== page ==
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Health Insurers Charged with Increasing Anti-Competitive

Posted Nov 27 2010 8:10am
Recently, a case involving Blue Cross Blue Shield of Michigan (BCBSM) has received attention in the press (USA Today, Detroit Free Press, Kaiser Health News).   The case involves alleged attempts by Blue Cross of Michigan to inhibit competition in the health insurance marketplace.   Specifically, the case in question focuses on TheraMatrix, a physical therapy provider.   They apparently were able to carve out coverage contracts with major employers such as automakers for physical therapy services.   That brought about a host of reactions from BCBSM and local hospitals aligned with Michigan’s dominant health insurance carrier. 1,2,3,4,5,6

This case highlights among other issues, most favored nation (MFN) status in contracts offered by BCBSM to potential participating hospitals.   These types of clauses in health insurance contracts are under attack in general, and specifically in this case, are the subject of a legal action brought by the United States Justice Department as well as the State of Michigan against BCBSM. 6,7

Additionally, it has been reported that insurers nationally have been hoarding huge reserves of cash, far in excess of actuarially required amounts to meet future demands.   The reasons for this are not clear, but one can of course speculate that this excess cash is being invested to increase profits for health insurers. 8

It has been argued that one of the best ways to deal with health insurers in the private market is to view them in the same light as a utility.   That would allow them to be regulated not just in terms of their solvency and adequacy of reserves, but also in terms of their rate structure in relation to those issues and their overall profitability.   It is clear that regulated utilities still make money, earn profits and yield returns for their investors.   The same would be true of regulated health insurers. 9

Elsewhere in the nation, Blue Cross Blue Shield of Louisiana (BCBSLA), that states largest insurer, and East Jefferson General Hospital (EJGH) in the New Orleans market have been engaged in a war of words following failed negotiations over a new contract.   BCBSLA argues that EJGH wanted higher payments for services than other local hospitals.   EJGH argues that BCBSLA is building excess reserves while cutting services and raising premiums.   The two sides ended their contract last month leaving many locals without access to one of the areas major hospitals. 10,11,12

The issues raised by the recent news regarding anti-competitive behavior, excess cash and profits, along with continuing rate increases all point to a market which has run amuck.   Free markets are generally best, however, when vital services are at stake, necessary regulation must be implemented.   The fact that in many states, one or two major health insurers hold sway over the majority of the market raises classic anti-trust questions. 13,14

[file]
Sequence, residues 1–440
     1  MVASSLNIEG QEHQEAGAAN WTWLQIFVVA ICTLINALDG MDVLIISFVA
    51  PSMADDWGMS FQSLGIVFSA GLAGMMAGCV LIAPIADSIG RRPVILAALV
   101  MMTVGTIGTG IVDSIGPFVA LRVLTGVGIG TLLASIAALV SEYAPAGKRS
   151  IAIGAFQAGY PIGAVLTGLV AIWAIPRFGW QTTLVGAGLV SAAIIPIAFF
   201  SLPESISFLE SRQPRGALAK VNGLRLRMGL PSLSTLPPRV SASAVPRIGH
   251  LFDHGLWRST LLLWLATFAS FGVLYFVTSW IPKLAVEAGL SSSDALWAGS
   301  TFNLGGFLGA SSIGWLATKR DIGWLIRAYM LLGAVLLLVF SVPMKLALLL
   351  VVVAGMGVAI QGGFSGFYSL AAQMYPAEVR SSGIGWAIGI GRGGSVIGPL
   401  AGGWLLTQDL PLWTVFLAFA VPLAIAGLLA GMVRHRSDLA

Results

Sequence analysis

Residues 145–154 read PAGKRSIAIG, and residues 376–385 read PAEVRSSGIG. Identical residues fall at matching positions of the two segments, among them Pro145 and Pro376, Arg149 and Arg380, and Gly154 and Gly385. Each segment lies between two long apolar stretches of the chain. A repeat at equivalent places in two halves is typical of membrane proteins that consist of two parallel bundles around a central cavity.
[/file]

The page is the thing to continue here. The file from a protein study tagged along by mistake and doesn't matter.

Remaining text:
Currently, the health reform bill fashioned by Congress that was passed along partisan lines last December, does not resolve these issues.   In fact, in many ways, in complicates them.   Still the bill fails to address issues of rate structure, premium increases, profitability, and anti-trust issues, which are of major concern when discussing health insurance reform.

Removal of anti-trust exemptions, along with the ability of health insurers to sell across state lines would be major steps toward improving access to affordable private coverage.   However, this can only come to pass if there is proper exercise of regulatory control over health insurance rates as outlined above.   Only these reforms will secure both the private health insurance market and the needed changes the citizenry deserves. 15

  1. Did Blues bully cost-saving firm in Michigan? -
  1. Case against Blue Cross shows difficulty of cutting health costs –
  1. BCBS Of Michigan Alleged To Have Crushed Pilot Physical Therapy Program It Saw As Competition - Reports/2010/November/10/Michigan-again.aspx
  1. Blue Cross Blue Shield of Michigan –
  1. TheraMatrix –
  1. Feds accuse Mich. Blue Cross of anticompetitive contracts -
  1. UNITED STATES OF AMERICA and the STATE OF MICHIGAN, Plaintiffs, v. BLUE CROSS BLUE SHIELD OF MICHIGAN, a Michigan nonprofit healthcare corporation, Defendant (Case 2:10-cv-14155-DPH -MKM Document 1 Filed 10/18/10) –
  1. Consumer group: Insurers kept surplus while hiking premiums -
  1. Details on “the plan” -
  1. East Jefferson General Hospital seeks arbiter in dispute with insurer -
  1. East Jefferson General Hospital –
  1. Blue Cross Blue Shield of Louisiana -
  1. Healthcare Sector Comes Under Increased Government Antitrust Scrutiny -
  1. Are Insurance Companies Still Exempt From Antitrust Laws? -
  1. Health Insurers Charged with Increasing Anti-Competitive Behavior -



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